Kyle Terada-USA TODAY Sports

Kyle Terada-USA TODAY Sports



Earlier today, the San Francisco 49ers announced that WR Torrey Smith was their nominee for the Walter Payton NFL Man of the Year award. The award is given out each year honoring an NFL player's volunteer and charity work, as well as his excellence on the field. Each team nominates a player for the award and the 32 nominees will be pared down to three finalists which will be announced on January 22. Last season, then-49ers receiver Anquan Boldin was the winner of the award.

On Wednesday, Smith joined Murph & Mac on KNBR 680 and discussed what it meant to be nominated for the award. "I think anytime you're mentioned with a guy like Walter Payton for the things that you do off the field, that's bigger than football to me," Smith said. "There's going to be a time when I get slow, I'm not going to be in the league anymore, and that stuff means more to me than football does because that lasts a lifetime. That doesn't mean that I don't love football. I put my all into it, but, to me, I think who you are as a person means more than what you actually do as a professional."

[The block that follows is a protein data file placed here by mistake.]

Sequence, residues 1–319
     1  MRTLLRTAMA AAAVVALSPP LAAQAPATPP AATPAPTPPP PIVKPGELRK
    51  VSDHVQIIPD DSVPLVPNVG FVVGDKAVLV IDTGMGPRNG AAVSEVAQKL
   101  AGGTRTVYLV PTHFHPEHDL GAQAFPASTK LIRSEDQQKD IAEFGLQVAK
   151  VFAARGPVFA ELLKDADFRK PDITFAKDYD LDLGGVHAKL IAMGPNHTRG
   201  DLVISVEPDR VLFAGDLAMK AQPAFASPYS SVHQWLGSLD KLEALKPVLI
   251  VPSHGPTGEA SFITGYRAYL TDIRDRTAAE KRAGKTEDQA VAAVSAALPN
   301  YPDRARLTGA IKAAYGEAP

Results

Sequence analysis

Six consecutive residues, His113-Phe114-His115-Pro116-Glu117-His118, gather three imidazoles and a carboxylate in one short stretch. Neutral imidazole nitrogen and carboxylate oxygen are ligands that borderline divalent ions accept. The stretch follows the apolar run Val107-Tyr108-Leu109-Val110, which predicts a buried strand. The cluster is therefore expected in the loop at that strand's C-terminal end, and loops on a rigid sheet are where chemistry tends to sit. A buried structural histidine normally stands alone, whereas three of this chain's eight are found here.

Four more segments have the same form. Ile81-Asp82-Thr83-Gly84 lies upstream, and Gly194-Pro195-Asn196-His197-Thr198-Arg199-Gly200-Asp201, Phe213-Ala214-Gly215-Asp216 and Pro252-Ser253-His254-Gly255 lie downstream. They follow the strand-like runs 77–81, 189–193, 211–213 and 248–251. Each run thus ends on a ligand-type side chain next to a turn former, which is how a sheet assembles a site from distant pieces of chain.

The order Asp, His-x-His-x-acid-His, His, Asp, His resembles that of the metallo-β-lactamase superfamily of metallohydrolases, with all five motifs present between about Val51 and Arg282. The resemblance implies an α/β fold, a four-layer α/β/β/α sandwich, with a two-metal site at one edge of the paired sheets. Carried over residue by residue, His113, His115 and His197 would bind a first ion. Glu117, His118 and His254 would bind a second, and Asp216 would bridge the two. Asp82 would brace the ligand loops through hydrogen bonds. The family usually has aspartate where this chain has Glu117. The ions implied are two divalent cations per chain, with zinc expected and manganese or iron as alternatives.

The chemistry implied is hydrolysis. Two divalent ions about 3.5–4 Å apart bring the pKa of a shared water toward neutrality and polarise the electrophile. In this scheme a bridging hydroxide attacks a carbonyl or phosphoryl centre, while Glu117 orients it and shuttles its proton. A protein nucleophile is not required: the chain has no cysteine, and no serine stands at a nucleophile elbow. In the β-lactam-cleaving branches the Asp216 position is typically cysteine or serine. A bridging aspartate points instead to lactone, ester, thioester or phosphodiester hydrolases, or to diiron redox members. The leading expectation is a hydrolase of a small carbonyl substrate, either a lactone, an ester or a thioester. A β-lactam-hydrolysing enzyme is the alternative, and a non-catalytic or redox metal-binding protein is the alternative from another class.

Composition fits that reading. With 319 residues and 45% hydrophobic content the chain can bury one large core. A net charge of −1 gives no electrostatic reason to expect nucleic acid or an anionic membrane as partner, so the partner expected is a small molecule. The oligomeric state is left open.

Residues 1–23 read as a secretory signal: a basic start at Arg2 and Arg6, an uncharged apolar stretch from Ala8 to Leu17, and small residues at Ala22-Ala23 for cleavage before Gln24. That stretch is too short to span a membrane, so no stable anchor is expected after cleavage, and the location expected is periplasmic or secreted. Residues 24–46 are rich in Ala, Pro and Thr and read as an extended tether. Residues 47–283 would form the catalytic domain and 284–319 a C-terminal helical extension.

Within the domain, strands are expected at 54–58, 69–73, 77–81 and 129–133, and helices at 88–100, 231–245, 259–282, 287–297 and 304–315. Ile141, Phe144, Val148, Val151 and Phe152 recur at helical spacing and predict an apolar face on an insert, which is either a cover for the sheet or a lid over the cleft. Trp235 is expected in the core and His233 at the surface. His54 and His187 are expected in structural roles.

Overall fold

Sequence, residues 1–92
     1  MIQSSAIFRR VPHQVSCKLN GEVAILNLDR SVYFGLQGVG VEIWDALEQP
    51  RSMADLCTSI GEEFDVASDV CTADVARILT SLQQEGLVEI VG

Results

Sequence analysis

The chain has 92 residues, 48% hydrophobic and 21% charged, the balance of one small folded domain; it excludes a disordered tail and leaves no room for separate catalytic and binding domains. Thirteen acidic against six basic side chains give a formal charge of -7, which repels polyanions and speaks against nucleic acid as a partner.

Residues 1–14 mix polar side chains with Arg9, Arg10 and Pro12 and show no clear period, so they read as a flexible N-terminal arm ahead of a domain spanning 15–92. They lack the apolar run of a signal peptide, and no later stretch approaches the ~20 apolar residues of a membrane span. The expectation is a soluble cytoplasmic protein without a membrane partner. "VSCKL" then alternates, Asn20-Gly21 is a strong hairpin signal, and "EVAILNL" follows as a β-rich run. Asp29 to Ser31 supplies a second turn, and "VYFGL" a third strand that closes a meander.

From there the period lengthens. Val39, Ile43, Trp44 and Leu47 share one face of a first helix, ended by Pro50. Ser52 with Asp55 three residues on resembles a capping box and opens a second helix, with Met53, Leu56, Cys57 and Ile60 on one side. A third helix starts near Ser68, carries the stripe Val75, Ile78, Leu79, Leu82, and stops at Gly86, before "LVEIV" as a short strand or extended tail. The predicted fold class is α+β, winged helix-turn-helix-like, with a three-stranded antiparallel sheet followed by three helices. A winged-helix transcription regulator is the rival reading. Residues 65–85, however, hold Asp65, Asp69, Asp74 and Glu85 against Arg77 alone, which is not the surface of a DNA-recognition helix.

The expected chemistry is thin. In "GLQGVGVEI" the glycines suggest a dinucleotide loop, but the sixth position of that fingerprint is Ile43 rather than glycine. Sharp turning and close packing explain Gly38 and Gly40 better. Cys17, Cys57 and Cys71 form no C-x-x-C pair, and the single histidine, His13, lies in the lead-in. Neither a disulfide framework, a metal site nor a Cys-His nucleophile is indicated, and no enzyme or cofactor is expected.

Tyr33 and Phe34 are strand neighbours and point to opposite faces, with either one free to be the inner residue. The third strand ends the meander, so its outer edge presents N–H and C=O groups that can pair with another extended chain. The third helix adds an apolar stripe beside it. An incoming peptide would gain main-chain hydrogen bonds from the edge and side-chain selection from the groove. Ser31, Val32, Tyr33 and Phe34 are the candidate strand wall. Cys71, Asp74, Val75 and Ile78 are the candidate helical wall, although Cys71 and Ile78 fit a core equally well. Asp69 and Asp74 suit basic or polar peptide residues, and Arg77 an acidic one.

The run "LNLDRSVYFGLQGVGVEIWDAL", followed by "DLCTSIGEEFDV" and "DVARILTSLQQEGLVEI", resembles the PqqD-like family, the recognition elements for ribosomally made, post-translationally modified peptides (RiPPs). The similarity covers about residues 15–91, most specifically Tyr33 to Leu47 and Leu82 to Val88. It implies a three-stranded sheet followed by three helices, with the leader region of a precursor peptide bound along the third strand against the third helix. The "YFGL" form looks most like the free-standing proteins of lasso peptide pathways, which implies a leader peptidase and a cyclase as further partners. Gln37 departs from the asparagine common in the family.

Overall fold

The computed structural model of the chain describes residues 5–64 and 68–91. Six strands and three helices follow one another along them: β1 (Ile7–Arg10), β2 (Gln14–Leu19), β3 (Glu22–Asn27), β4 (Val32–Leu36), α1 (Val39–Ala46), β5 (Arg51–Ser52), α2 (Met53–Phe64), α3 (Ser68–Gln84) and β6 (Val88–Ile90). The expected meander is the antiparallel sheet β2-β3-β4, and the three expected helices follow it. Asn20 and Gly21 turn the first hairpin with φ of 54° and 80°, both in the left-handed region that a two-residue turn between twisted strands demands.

Smith went on to say that that this was his third time being nominated for the award. "It happened twice when I was in Baltimore and now here," Smith said. "It's just a different place. It shows the type of impact beyond where you are. A lot of it here is because of the 49ers. I don't think people realize."

Smith went on to say that because the 49ers are struggling on the field, it takes away from the other things that the organization is doing. "Literally on Monday, probably about 10 or 12 guys or probably more than that -- 15 guys -- and they had like 1,200 people at the stadium," Smith described. "A lot of people were from a tough financial background or homeless or whatever, can have free meals, shoes, winter clothes, some gifts if they wanted to celebrate Christmas...people aren't going to talk about that because we lost the day before that, it sucks. But stuff like that, it kind of puts stuff in perspective for you, especially this time of the year when it's very easy to feel sorry for yourself, feel sorry for what we're going through as a team. It reminds you being at events like that, that life is way bigger than a game."

Smith went on to say that it is great going to events like that because there are still people there that love you and still love the team. "Obviously, they were probably cussing us out the night before," Smith joked. "They genuinely love that you're there and that you care for them."

You can listen to the entire interview on KNBR 680.